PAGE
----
Anthony Rizzo is staying put in New York after agreeing to a contract extension with the Yankees, but he also would like to have Aaron Judge remain in the Bronx.
“I hope Judge stays just for the sake of the game,” Rizzo said Wednesday, “because you see a lot of franchise icons not getting what they deserve for the team that they have done so much for.”
Rizzo inked a two-year contract worth $40 million Tuesday, a few days after he declined a $16 million player option.
“My wife, Emily, and I really love it here. We love the city. We love the energy. We love Yankee Stadium. We love going to Yankee Stadium and playing at that park every day,” Rizzo said. “And you look at the team. The New York Yankees are a team that — this organization, this franchise — that has consistently put winning products on the field.”
Rizzo’s deal includes a team option for the 2025 season.
Rizzo said Judge offered his congratulations shortly after the deal was announced.
“Just congratulations — the basics: ‘Well deserved. Happy for you. Say hi to Emily,'” Rizzo noted.
Judge, who remains a free agent, is coming off a historic season in which he broke the American League single-season home run record. The 30-year-old outfielder hit 62 home runs and added 131 RBIs during the regular season.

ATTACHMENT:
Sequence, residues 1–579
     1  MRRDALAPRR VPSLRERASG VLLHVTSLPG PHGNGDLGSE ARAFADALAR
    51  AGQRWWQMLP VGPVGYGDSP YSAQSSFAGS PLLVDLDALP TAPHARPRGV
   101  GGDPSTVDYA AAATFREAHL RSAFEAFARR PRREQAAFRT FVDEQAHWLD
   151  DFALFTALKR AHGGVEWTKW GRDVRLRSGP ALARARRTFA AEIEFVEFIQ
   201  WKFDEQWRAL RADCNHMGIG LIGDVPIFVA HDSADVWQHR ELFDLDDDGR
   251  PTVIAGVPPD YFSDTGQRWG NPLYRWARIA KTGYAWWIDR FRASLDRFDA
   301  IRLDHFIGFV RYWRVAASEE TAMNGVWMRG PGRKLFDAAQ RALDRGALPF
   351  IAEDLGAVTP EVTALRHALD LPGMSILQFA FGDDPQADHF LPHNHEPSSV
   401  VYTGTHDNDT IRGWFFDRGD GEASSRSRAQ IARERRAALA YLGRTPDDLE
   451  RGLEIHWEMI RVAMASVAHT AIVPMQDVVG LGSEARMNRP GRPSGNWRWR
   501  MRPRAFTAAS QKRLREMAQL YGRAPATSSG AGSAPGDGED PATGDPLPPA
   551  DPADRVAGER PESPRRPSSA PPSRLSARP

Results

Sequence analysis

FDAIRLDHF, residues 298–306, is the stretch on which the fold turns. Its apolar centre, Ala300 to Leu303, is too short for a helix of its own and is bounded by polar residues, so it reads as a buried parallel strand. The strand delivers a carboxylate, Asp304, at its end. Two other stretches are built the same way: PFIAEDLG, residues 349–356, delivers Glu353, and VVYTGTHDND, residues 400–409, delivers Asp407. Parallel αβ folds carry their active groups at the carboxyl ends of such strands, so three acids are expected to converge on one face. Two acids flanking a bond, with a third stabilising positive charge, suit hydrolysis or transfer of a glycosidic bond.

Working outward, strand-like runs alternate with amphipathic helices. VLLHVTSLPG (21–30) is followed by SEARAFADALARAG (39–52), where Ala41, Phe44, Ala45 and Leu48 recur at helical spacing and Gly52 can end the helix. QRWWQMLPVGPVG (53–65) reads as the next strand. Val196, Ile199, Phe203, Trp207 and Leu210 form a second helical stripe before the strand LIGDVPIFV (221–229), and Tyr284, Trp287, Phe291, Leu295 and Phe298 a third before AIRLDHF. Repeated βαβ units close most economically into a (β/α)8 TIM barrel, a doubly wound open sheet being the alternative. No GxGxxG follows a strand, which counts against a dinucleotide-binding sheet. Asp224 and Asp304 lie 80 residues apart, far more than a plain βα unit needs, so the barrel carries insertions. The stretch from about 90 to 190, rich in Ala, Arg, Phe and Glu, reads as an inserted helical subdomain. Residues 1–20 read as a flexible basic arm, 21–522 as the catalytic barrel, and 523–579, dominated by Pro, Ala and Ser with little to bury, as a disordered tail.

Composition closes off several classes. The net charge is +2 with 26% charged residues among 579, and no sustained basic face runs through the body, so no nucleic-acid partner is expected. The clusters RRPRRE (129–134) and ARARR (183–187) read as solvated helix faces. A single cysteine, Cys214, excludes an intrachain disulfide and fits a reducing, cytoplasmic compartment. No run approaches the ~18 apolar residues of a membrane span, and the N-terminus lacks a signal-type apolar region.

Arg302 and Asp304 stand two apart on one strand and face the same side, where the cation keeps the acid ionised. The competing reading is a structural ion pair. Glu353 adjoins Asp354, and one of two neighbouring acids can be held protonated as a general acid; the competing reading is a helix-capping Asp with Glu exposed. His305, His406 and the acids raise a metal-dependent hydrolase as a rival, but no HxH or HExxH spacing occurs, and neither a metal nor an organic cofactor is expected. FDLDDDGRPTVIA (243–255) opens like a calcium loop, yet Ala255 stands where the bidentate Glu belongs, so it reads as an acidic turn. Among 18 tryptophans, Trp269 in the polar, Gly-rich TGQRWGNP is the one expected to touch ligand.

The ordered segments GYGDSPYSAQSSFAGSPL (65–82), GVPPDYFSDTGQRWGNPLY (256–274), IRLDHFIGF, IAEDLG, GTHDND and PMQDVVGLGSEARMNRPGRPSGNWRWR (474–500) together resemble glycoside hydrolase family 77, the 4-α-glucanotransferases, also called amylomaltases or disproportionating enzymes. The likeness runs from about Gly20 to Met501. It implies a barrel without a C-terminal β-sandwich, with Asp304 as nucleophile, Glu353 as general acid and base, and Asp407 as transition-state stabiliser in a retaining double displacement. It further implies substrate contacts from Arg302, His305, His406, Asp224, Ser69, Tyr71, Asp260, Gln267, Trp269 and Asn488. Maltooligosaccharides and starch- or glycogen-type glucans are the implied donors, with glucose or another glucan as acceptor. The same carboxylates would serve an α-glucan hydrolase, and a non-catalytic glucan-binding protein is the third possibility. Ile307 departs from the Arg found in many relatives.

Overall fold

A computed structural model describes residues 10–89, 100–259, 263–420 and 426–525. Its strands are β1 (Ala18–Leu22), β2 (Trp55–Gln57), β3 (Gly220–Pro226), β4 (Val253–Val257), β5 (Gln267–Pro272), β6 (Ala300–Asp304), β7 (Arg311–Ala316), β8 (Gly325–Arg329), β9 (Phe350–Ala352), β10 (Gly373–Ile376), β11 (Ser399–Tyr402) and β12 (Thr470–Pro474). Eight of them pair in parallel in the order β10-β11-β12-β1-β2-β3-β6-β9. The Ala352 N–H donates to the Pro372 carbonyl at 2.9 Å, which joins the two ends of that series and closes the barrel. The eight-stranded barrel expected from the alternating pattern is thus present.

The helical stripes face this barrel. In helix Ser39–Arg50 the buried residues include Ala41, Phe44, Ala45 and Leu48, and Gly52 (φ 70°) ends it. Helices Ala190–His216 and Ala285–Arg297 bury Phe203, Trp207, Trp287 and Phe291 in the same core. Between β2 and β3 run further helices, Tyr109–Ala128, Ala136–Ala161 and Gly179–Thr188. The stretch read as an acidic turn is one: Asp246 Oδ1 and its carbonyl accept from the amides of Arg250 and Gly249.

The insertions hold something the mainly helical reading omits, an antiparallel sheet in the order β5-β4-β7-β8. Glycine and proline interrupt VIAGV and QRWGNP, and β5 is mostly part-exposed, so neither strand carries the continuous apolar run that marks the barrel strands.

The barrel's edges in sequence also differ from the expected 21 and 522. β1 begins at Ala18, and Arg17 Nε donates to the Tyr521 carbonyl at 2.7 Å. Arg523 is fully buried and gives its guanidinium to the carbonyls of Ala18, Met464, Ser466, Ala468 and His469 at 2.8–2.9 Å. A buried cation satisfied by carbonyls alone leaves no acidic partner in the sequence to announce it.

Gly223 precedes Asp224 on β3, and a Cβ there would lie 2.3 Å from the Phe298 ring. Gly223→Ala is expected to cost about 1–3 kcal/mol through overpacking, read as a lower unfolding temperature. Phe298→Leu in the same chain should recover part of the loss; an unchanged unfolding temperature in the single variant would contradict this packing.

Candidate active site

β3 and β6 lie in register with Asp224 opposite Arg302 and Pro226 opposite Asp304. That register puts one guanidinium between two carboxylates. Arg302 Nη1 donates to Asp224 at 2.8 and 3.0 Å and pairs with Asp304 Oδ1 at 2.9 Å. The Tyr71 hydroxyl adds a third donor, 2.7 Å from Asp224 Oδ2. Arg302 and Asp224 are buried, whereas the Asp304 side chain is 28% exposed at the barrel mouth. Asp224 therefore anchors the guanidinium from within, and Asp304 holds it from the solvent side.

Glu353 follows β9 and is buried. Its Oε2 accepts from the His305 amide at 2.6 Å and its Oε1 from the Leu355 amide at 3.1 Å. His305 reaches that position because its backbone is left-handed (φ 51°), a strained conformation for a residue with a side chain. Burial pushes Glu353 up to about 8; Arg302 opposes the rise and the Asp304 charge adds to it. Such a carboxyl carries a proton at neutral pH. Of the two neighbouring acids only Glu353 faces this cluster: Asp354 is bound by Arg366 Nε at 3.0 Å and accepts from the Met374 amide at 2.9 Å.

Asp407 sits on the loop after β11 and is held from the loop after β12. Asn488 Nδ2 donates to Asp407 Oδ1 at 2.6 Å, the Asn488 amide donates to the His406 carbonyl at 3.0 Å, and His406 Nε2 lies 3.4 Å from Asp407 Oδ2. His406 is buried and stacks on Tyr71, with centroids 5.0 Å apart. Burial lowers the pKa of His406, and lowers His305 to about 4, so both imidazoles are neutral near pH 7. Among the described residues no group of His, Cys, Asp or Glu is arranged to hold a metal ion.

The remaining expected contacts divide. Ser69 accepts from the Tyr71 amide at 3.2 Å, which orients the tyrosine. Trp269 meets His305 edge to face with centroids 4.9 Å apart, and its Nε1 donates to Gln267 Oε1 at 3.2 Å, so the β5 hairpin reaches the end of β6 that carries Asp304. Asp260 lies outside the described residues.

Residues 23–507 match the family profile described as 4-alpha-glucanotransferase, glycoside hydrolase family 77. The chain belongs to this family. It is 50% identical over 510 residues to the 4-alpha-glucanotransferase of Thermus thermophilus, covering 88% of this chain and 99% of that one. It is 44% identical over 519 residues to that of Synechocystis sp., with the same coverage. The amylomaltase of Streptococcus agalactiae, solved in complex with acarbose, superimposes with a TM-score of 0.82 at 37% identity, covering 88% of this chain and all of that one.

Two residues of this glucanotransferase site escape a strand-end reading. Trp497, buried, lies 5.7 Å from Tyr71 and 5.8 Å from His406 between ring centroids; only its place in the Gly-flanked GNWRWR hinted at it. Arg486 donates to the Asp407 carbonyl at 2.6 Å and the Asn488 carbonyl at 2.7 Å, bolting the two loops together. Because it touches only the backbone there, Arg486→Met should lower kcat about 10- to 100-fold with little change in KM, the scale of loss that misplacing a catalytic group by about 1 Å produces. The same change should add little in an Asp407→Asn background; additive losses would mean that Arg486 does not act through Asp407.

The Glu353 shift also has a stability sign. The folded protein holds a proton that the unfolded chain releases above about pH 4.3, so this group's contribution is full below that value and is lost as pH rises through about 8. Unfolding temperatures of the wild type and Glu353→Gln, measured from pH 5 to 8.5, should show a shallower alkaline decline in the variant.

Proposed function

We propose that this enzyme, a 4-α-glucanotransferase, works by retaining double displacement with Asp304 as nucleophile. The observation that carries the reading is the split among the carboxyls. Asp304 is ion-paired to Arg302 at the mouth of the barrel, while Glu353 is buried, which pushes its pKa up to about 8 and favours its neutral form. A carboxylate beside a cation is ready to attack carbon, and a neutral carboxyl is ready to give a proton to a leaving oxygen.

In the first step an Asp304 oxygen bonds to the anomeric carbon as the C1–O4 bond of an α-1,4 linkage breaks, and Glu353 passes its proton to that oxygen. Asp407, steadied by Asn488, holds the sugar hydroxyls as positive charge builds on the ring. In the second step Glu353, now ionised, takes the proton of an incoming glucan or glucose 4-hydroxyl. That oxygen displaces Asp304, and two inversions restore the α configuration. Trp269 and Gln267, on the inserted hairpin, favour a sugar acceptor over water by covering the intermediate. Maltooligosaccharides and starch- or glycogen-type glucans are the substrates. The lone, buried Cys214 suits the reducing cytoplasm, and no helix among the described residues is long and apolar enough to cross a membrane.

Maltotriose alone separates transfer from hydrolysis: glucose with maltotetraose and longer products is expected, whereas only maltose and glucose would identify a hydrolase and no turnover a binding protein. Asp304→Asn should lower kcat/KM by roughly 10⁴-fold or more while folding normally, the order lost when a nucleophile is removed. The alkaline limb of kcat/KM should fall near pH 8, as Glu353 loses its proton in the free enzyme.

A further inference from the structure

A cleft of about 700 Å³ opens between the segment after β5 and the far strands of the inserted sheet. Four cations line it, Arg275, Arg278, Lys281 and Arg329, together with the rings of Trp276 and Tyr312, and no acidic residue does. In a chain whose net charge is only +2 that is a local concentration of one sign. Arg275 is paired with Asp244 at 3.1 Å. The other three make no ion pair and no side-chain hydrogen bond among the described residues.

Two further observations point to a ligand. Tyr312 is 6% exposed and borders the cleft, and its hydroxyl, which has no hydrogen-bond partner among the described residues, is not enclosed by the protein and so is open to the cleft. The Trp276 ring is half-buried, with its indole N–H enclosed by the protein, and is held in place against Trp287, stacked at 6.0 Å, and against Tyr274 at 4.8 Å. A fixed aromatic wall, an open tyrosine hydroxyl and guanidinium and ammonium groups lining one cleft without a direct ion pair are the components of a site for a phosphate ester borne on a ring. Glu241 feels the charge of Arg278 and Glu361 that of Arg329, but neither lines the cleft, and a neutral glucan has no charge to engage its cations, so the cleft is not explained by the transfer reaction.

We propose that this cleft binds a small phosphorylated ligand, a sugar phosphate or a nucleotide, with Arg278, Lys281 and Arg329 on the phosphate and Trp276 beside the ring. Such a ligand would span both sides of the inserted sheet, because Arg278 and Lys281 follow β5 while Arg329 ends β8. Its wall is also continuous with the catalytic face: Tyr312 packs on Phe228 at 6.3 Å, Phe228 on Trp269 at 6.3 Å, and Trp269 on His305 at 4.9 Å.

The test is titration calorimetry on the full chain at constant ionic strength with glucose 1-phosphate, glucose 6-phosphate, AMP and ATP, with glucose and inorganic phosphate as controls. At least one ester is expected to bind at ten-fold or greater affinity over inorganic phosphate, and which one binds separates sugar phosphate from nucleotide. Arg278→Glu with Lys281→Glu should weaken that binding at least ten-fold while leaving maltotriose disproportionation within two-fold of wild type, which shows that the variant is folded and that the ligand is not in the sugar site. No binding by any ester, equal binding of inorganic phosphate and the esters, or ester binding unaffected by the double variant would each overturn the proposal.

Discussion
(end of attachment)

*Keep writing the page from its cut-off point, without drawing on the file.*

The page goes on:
Rizzo hit 32 home runs and knocked in 75 runs in 2022 after being traded from the Chicago Cubs in 2021.
During his tenure in Chicago’s north side, Rizzo helped lift the Cubs to a World Series title in 2016, the franchise’s first championship in 108 years.
“Just playing baseball isn’t enough in a big market. There’s a lot of other things that come with that, and I enjoy doing those things,” Rizzo said. “I enjoy taking responsibility to do those things, to stand up to talk to the media, good, bad or indifferent.
“And I think that really teaches you a lot about this game of baseball, and it teaches you valuable lessons in your own life. Everyone loves you when you’re good — your coaches, the media, your friends, everyone, you’re the greatest thing on earth. But things go bad, that’s when you really find out who you are.”
Rizzo also discussed how baseball’s upcoming rules changes could impact his game next year.
“I’m hoping, obviously optimistically, like every lefty, I feel like I get very affected by the shifts, as a lot of lefties around the league,” he said.
Major League Baseball previously announced several rules changes for 2023, including implementing a pitch clock and a ban of the defensive shift.
“Those maybe meaningless little singles that get in the hole there, I feel like turn a lot of us lefties into a very dangerous hitter,” Rizzo added.
The Associated Press contributed to this report.